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datatime: 2022-12-01 01:33:47 Author:YHxkpVnM

The day following her encounter with Art Streck, Nora Devon went for a long walk, intending to explore parts of the city that she had never seen before. She had taken short walks with Violet once a week. Since the old woman's death, Nora still went out, though less often, and she never ventured farther than six or eight blocks from home. Today, she would go much farther. This was to be the first small step in a long journey toward liberation and self-respect.

Engine purring, tires whispering, a car went by on the street.

Now and then the house creaked with ordinary middle-of-the-night settling noises.

Exhausted from the emotional as well as the physical exertions of the day, Travis was soon asleep.

Exhausted from the emotional as well as the physical exertions of the day, Travis was soon asleep.

As Nora strolled past the well-kept houses, the vast majority of which were in one style of Spanish architecture or another, she looked at doors and windows with a new curiosity, wondering about the people who lived within. Were they happy? Sad? In love? What music and books did they enjoy? What food? Were they planning vacations to exotic places, evenings at the theater, visits to nightclubs?

The sky was clear. The air was warm. With vivid green spring growth, the trees looked fresh; they stirred in a breeze just strong enough to take the searing edge off the hot sunlight.

The dog regarded him solemnly.

Exhausted from the emotional as well as the physical exertions of the day, Travis was soon asleep.

Before setting out, she considered having a light lunch later at a restaurant chosen at random along the way. But she had never been in a restaurant. The prospect of dealing with a waiter and dining in the company of strangers was daunting. Instead, she packed one apple, one orange, and two oatmeal cookies in a small paper bag. She would eat lunch alone, in a park somewhere. Even that would be revolutionary. One small step at a time.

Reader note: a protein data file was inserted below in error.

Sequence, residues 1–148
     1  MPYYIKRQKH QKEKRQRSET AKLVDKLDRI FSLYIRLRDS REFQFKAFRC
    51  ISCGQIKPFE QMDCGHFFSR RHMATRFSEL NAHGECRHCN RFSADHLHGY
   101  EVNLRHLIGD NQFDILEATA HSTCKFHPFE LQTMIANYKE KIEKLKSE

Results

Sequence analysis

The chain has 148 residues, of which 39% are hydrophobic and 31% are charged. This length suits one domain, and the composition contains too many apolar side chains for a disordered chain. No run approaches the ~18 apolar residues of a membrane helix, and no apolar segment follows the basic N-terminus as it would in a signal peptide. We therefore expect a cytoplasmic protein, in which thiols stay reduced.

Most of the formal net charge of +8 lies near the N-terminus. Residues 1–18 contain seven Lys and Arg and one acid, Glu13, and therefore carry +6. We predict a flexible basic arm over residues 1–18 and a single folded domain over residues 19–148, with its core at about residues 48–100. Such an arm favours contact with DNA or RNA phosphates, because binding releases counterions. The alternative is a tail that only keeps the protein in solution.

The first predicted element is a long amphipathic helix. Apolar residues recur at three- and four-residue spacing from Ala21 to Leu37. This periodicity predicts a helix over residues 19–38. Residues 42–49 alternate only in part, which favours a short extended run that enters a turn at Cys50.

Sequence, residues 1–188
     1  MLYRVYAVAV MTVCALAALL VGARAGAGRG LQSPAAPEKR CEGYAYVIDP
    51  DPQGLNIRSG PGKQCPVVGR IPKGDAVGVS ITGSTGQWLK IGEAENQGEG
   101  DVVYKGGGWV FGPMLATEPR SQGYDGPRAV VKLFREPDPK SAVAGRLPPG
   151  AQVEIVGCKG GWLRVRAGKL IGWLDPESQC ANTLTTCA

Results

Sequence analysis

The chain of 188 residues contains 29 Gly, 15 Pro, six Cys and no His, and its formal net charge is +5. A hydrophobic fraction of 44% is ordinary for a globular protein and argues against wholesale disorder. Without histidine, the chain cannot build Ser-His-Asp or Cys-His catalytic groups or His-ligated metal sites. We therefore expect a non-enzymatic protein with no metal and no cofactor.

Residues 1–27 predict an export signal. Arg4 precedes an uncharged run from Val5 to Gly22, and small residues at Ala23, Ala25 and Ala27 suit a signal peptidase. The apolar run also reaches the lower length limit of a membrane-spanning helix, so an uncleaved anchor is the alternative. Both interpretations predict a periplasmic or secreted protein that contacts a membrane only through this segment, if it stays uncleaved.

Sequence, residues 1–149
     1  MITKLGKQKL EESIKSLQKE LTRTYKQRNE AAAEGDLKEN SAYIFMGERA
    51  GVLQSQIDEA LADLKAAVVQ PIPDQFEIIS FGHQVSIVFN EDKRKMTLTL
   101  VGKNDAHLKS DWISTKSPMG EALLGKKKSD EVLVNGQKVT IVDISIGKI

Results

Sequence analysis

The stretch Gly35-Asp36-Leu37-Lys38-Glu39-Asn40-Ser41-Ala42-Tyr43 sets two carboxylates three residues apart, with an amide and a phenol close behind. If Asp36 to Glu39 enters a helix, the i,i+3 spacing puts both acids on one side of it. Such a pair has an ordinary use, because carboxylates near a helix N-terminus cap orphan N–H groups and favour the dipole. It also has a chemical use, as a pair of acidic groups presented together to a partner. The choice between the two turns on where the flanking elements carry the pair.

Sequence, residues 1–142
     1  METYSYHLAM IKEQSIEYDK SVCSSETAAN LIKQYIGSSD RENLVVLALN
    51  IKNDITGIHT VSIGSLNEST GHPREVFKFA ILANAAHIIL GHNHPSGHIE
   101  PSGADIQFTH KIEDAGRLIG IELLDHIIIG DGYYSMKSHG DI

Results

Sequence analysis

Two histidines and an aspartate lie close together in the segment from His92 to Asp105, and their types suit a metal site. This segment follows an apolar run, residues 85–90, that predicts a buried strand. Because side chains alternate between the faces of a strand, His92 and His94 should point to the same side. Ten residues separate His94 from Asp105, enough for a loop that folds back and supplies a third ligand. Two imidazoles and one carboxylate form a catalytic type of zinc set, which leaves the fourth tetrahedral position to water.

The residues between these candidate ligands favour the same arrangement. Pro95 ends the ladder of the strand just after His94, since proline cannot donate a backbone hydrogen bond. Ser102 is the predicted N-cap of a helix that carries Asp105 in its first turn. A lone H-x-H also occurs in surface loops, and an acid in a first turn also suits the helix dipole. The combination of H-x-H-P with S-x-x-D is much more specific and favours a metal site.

Exhausted from the emotional as well as the physical exertions of the day, Travis was soon asleep.

"Are you worried that it's still after you?" he asked.

Now and then the house creaked with ordinary middle-of-the-night settling noises.

Wind murmured and moaned in the bungalow's eaves.

Because Travis was not much of a drinker, three beers were enough to insure against insomnia. He was asleep within seconds of putting his head on the pillow. He dreamed that he was the ringmaster in a circus where all the performing animals could speak, and after each show he visited them in their cages, where each animal told him a secret that amazed him even though he forgot it as soon as he moved along to the next cage and the next secret.

Now and then the house creaked with ordinary middle-of-the-night settling noises.

As Nora strolled past the well-kept houses, the vast majority of which were in one style of Spanish architecture or another, she looked at doors and windows with a new curiosity, wondering about the people who lived within. Were they happy? Sad? In love? What music and books did they enjoy? What food? Were they planning vacations to exotic places, evenings at the theater, visits to nightclubs?

Wind murmured and moaned in the bungalow's eaves.

The sky was clear. The air was warm. With vivid green spring growth, the trees looked fresh; they stirred in a breeze just strong enough to take the searing edge off the hot sunlight.

The dog regarded him solemnly.

Einstein nuzzled and licked Travis's hand as if reassured and grateful. But he looked out the window again and issued a barely audible whimper.

Travis could see nothing threatening on the front lawn or on the street. Then a thought struck him, and he said, "Are you worried about whatever was chasing you in the woods this morning?"

At four o'clock in the morning, he woke and saw Einstein at the bedroom window. The dog was standing with its forepaws on the sill, its face limned by moonlight, staring out at the night, very alert.

Remembering the retriever's-and his own-stark fear in the Santa Ana foothills, recalling the uncanny feeling that something unnatural had been stalking them, Travis shivered. He looked out at the night-draped world. The spiky black patterns of the date palm's fronds were edged in wan yellow light from the nearest streetlamp. A fitful wind harried small funnels of dust and leaves and bits of litter along the pavement, dropped them for a few seconds and left them for dead, then enlivened them again. A lone moth bumped softly against the window in front of Travis's and Einstein's faces, evidently mistaking the reflection of the moon or streetlamp for a flame.

Wind murmured and moaned in the bungalow's eaves.

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